What is France coming to? They have banned cigarettes from most places, and now a health warning must appear on advertising for food products (see left).
The messages are part of the state campaign against obesity. Compared with the rest of Europe and Britain in particular, France does not have much of a weight problem, but the kilos are piling up, especially among the young and lower income groups.
Under the new law, one of four messages must be carried on broadcast commercials and print and internet ads or the manufacturer must pay a fine of 1.5 percent of its advertising budget to a national health fund. The one pictured above says: “For your health, don’t eat food that is too fatty, too sugary, too salty.”
Consumer groups are attacking the new law as inadequate. They want specific warnings on unhealthy food and an outright ban on adverts aimed at children.
The messages, designed to convey rules for healthy living and similar to warnings in alcohol adverts since 1992, all begin “For your health…” The other three say “…avoid snacking between meals… “…eat at least five fruits and vegetables a day…undertake regular physical exercise.”
One-third of France is now over-weight
With its tradition of good food and eating habits, France suffers less from obesity than any other European nation except Norway, according to EU statistics. However one third of the country is now overweight — with Body Mass Index over 25. Obesity (BMIE over 30) has doubled over the past decade to 10 percent of the population according to INSEE, the national statistics institute. The condition affects one in six children under 15 compared with one in 20 in 1980. In comparison, three quarters of British adults are overweight and 22 percent are obese.
The Health Ministry found in a survey that over 90 percent the French approved of the new advertising messages, which must appear at the bottom of television screens on printed displays or be spoken on the radio. However the campaign was denounced as “joke” by UFC-Que Choisir, the main consumer association. To test the effectiveness of the warnings, it put one on a television advert for a popular chocolate-coated breakfast cereal and showed it to 700 people, half of them children [pictured at top]. Nine out of ten viewers did not make a link between the warnings and the nutritional imbalance of the cereal, said UFC.
Those who were least able to understand the message were children and less educated people. “These are precisely those who are supposedly targeted by the message, so we conclude that the health message misses its goal,” said UFC. The association said the food industry had forced the government to dilute to the point of uselessness its plans for alerting the French to the dangers of processed food.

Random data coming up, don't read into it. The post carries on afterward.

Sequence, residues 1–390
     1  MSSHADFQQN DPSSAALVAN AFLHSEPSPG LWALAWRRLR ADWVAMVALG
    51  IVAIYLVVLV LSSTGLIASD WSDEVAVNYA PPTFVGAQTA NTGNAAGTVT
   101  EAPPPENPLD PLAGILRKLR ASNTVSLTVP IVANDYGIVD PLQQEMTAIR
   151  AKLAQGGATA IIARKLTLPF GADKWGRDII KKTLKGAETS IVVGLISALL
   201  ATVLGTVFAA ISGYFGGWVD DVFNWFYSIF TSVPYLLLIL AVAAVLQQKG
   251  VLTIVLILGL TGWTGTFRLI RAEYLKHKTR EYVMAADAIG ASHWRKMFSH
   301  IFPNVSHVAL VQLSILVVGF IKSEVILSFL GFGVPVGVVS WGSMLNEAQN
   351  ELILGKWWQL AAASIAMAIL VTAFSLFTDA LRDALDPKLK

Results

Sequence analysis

Patrick Serog, a nutritionist and author, was less harsh. The Health Ministry’s intentions were good but the messages are confusing, he told us. “When a commercial for a sugary product shows the message saying that you should not eat sugar, that suggests that the product does not contain sugar. It’s ambiguous and the food industry will play on that ambiguity.”
At the same time as introducing the food warning, the Health Ministry received commitments from McDonald’s and four big food groups on improving the nutritional quality of their products in France. Coca Cola has undertaken to reduce its sugar level in drinks by 15 percent; Danone undertook to stop putting sugar in its Taillefine (Slimwaist) yoghurts. McDonald’s France is promoting sports, reducing fatty acids in its frying oil and cutting salt in its children’s menus by 30 percent.
Over the past two years, action has also been taken in schools, with better cantine food and the removal of snack and soda vending machines.
The latest health warnings are seen by many as part of a nannying tendency that runs counter to French tradition. France Soir wondered sacastically today when food would have to carry the cigarette-style label: “Trop manger tue” [Over-eating kills]. In reality, France has had some of Europe’s strictest advertising laws on alcohol and tobacco for the past 14 years. All tobacco advertising is banned and beer,wine and spirits advertising must carry the message “to be consumed with moderation”.
Here’s a recent map showing the fattest regions of France in red, with the least in yellow. It’s no surprise that, with the exception of the southern Langedoc Roussillon, the fattest French are mainly in the north and northeast. Eating habits there are closer to those of neighbouring Belgium and Germany. The south, with its famous olive oil diet, is not so lightweight after all. Surprisingly, the Bretons (on the west) are all apparently thin despite having the reputation for being France’s biggest drinkers. Paris, the most affluent spot in the country, is also one of its thinnest.